The new President and the Government of Indonesia announced a new policy direction based on the development of economic relations, attraction of significant foreign investment. It is therefore important to encourage business ties between the two countries.

Like many embassies operating in Jakarta, we represent Armenia in the ASEAN, and this area is also in need of serious study. Nowadays, ASEAN is striving to become a real economic community, and in the coming years this will lead to the use of new economic and trade rules in Southeast Asia. 

What are the challenges that the embassy is faced with during its work? What would you like to improve?

The main task is lack of information about Armenia due to objective reasons. There were cases when to my “Hello, I am ambassador of Armenia” remark, the opponent said: “Romania is a very good country.” But I should note that the ambassador of Romania has been recently complaining that she is told “We heard much about Armenia” in a similar situation.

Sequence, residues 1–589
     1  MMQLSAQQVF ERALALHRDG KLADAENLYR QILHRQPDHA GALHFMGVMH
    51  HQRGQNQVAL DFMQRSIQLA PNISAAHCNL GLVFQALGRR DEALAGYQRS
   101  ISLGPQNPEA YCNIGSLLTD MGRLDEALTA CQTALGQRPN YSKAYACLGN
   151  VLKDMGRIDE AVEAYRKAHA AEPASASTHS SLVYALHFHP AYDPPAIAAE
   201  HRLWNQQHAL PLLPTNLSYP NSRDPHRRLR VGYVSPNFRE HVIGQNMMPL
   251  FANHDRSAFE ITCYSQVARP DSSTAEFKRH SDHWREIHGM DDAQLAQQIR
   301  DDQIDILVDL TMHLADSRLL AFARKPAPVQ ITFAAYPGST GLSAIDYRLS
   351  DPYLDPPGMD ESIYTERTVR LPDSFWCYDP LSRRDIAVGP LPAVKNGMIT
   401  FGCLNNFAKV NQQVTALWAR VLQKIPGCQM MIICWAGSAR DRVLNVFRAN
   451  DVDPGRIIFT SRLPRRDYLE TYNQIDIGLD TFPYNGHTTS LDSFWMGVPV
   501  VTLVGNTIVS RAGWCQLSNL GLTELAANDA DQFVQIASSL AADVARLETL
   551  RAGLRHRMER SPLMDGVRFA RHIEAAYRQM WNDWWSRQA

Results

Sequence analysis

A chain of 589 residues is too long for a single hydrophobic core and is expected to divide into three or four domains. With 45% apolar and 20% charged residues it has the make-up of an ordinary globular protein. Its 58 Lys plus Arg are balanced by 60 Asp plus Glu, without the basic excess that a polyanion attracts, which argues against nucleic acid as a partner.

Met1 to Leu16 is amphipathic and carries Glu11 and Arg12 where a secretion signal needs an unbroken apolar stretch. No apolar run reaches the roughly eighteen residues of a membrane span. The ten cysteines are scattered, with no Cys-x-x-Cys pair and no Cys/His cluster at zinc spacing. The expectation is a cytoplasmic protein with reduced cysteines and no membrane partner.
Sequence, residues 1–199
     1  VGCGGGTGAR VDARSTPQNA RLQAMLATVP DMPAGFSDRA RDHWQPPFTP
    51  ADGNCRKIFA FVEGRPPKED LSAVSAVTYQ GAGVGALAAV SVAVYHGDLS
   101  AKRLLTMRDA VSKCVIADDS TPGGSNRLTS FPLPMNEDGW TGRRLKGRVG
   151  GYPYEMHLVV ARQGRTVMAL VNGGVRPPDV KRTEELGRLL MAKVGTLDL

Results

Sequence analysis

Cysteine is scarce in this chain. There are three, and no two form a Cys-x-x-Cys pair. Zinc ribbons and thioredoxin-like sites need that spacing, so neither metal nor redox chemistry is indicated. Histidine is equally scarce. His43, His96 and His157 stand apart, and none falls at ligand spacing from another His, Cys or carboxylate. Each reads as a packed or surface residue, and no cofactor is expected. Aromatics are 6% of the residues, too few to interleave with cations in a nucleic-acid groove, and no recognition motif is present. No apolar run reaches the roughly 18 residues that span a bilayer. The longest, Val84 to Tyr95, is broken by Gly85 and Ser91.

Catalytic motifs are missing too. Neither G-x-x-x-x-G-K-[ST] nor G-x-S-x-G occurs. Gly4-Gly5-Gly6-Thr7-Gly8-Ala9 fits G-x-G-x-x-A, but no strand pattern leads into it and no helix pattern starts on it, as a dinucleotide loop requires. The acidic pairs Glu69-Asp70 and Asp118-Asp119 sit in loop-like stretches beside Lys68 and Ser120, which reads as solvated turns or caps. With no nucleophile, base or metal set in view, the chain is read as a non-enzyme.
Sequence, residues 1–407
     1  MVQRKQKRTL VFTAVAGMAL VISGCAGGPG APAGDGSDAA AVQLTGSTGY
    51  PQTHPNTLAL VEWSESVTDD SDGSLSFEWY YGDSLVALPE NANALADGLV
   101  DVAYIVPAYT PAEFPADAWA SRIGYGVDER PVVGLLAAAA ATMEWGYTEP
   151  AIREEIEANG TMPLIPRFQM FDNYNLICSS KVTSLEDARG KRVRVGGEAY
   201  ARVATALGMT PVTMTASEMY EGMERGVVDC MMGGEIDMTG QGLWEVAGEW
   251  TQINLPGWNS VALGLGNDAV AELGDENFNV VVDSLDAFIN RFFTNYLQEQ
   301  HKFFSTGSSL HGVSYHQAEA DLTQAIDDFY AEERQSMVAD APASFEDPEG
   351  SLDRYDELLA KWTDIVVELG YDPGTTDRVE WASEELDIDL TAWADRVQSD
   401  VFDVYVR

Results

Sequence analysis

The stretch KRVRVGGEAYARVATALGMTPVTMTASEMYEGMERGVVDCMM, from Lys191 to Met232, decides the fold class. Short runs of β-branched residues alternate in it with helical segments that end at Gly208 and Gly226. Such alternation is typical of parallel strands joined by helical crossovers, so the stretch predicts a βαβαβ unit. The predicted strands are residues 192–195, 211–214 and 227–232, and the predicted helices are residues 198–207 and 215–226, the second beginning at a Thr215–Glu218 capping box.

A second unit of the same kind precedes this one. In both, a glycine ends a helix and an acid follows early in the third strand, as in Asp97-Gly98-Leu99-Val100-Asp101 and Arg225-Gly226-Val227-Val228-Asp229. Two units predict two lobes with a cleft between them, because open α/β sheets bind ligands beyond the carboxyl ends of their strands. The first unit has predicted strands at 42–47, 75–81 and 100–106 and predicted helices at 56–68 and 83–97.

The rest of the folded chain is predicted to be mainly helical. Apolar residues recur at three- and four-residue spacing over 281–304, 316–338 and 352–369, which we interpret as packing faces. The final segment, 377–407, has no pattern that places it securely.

New foreign policy direction based on economic interests has created a new situation for many countries. Of course, the countries with which Indonesia has established economic and trade ties and which may become major investors are in more favorable conditions.

Imports from Indonesia to Armenia in recent years made around $35 million annually, while exports from Armenia is almost zero. Both countries need to better understand each other's markets, and I am confident that as a result of some work, you can find mutually beneficial areas of economic and trade cooperation. I have already met with the Chairman of the Chamber of Commerce of Indonesia, and we agreed on a meeting of businessmen of several branches.